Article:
Friday, May 07, 2010

Visions of East Germany: DDR/DDR

It was not a god that failed in East Germany, but modernism’s promise of glories to come. Nothing better represents this decrepit futurism than Ulrich Muther’s flying saucer shaped life-guard station constructed during the years of the Deutsche Democratic Republic (DDR). Fittingly, it appears as a recurring motif in Amie Siegel’s DDR/DDR, a cinematic essay on the fundamental changes experienced by East Germany, which screened as part of the 2008 Whitney Biennial and now opens theatrically today at the Anthology Film Archives.

Combining elements of experimental collage and traditional documentary filmmaking, DDR/DDR is consistently meditative in tone, but provocatively connects many seemingly disparate elements of East German life. Siegel makes strong visual and historical analogies between guns and cameras, particularly the long telescopic lens developed for the Stasi, the East German secret police. While as a documentarian, she records a crash course in Stasi technology from a post-unification collector of Stasi surveillance technology, as well as the oral histories of two relatively unrepentant Stasi veterans.

Throughout DDR/DDR, Siegel lovingly pans East German interiors apparently frozen in time, like the Mies van der Rohe-looking office of the former Stasi director, as if hoping to capture a ghost haunting the once modernistic quarters. However, unlike Nina Toussaint and Massimo Ianetta’s chilling Stasi documentary Decomposition of the Soul, Siegel is not trying to recreate the experience of being in these chambers back in the day. Instead, they are more like samples mixed in to her composite for varying effects. Indeed, it is a high irony to watch a vintage uncomfortable-looking DDR-era chair as it shipped to a Soho gallery to be sold for a tidy sum.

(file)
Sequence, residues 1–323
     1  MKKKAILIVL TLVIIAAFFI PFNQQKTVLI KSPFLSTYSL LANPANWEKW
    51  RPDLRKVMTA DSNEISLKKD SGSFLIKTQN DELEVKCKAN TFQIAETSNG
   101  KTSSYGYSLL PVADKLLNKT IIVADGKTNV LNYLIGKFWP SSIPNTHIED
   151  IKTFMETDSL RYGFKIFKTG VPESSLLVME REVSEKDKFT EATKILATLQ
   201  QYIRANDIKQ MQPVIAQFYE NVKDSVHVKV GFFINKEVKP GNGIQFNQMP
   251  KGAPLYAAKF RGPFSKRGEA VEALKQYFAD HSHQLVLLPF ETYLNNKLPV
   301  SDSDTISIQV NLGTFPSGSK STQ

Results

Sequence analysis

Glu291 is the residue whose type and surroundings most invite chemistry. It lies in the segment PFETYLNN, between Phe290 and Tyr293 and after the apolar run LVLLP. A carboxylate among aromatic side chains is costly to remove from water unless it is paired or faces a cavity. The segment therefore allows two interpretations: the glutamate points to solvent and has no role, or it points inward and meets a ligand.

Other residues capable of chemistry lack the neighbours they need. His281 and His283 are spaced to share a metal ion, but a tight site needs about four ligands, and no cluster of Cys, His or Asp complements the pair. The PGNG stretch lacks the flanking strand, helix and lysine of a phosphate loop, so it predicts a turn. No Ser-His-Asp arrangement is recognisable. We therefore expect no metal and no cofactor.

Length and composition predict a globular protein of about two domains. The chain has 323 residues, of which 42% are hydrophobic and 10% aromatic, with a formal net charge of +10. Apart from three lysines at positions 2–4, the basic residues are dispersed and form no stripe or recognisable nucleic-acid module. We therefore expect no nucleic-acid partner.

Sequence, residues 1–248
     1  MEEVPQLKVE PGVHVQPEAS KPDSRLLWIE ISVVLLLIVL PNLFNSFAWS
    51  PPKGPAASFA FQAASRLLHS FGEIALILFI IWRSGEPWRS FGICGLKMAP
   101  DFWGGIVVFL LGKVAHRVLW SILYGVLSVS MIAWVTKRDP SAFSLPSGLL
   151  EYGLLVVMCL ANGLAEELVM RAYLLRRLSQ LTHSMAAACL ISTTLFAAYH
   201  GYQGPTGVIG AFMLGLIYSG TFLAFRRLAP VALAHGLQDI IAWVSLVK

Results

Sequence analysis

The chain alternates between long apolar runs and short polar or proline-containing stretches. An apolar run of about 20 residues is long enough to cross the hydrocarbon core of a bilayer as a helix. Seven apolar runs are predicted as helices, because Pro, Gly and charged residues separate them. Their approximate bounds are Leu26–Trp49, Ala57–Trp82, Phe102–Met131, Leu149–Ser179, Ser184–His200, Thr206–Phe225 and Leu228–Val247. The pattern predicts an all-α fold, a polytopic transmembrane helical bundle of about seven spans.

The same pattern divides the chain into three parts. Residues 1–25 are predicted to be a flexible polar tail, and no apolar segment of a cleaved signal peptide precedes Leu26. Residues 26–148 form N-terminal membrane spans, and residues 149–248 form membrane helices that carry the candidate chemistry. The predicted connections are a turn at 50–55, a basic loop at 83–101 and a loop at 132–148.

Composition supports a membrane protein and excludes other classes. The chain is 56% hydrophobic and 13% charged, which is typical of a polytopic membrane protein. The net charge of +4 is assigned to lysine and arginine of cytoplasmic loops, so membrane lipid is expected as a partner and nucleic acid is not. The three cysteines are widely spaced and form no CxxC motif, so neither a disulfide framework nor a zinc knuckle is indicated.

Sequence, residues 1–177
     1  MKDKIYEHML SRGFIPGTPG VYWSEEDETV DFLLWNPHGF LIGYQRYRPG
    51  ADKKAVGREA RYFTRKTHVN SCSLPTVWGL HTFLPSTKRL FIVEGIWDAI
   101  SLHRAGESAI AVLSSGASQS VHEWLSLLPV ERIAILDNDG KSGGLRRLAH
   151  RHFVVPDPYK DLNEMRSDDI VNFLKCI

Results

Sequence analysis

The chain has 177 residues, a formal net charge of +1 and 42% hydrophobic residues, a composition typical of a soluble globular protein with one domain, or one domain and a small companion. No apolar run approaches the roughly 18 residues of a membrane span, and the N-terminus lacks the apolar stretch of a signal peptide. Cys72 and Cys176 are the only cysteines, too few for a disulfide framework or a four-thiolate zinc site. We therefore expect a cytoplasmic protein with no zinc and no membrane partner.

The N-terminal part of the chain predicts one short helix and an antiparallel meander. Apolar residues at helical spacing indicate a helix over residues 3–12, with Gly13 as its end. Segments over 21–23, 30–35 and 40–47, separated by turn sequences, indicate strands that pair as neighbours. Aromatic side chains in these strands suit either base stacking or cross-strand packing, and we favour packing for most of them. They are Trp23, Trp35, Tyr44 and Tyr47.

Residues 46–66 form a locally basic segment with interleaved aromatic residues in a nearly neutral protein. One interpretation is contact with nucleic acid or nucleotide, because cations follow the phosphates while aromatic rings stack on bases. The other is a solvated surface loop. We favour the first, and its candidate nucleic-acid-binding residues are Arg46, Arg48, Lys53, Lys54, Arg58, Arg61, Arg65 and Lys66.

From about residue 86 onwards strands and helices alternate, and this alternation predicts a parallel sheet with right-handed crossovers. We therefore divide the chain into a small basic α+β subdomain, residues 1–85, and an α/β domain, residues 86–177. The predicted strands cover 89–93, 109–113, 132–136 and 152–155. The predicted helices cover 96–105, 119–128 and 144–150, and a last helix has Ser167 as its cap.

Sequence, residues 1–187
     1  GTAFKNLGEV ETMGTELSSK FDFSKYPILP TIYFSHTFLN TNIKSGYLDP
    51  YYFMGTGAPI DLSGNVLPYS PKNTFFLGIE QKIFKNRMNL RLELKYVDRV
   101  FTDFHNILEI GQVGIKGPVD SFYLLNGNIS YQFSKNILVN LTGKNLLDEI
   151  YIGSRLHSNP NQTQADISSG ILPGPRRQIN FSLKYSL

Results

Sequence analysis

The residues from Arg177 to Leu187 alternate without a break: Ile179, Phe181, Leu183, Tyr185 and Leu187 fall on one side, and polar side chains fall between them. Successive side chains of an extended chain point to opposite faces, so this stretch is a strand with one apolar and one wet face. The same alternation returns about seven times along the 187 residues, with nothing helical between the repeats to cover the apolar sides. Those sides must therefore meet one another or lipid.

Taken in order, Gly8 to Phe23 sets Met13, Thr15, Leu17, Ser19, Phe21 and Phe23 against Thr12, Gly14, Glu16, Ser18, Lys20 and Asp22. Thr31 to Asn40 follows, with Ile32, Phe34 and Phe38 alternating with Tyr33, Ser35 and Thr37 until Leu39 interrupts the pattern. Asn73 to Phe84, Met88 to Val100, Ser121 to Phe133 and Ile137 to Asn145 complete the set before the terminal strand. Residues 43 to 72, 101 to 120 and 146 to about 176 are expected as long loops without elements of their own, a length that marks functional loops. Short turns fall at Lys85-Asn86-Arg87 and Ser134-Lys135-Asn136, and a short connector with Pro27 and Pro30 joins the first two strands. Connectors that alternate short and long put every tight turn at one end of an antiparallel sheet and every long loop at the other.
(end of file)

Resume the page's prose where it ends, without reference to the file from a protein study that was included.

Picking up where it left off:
As documentary, DDR/DDR is most successful when Siegel explores the torturous role played by psychoanalysis in East German society. Though officially proscribed, Stasi interrogators received extensive psychological training, in order to more efficiently break their subjects. Still, there were limited areas of legitimate psychoanalysis available to patients, yet even these were compromised by Stasi intrusion. Perhaps the most dramatic moment in the film occurs when an East German psychologist discusses her experiences as the target of a Stasi harassment campaign. Deliberately moving from her analyst’s chair to her patients’ couch, it is almost like a conscious role reversal on her part, as she revisits some distinctly painful personal history. As a result, her insights and honesty are the high points of the film, by far.

Still, DDR/DDR is more about its waves of images, than it is about straight-forward historical inquiry. Arguably, Siegel spends far too much time with visuals that strike her fancy, like the teepees and traditional garb of an East German subculture obsessed with Native American ways of life. Frankly, the real problem with DDR/DDR is there is too much of Siegel (and her politics), often seen in self-referential scenes recording narration or debating the best translation of “Wende,” the German shorthand term for the social transformation following the fall of the wall. In contrast, it is best when parsing and deconstructing the grainy surveillance footage and odd training films produced by the Stasi.

Tellingly, Siegel observes the Stasi archives are entirely analog, since the Wende revolution predated the digital revolution. Juxtaposing the ironic and the sentimental, DDR/DDR is an indeterminate elegy to an East Germany that never achieved the bold future it was pledged. Frequently fascinating, but somewhat thematically inconsistent, DDR/DDR is considerably more engaging than a thumbnail description would suggest. Recommended for adventurous audiences, it opens today (5/7) in New York at the Anthology Film Archives.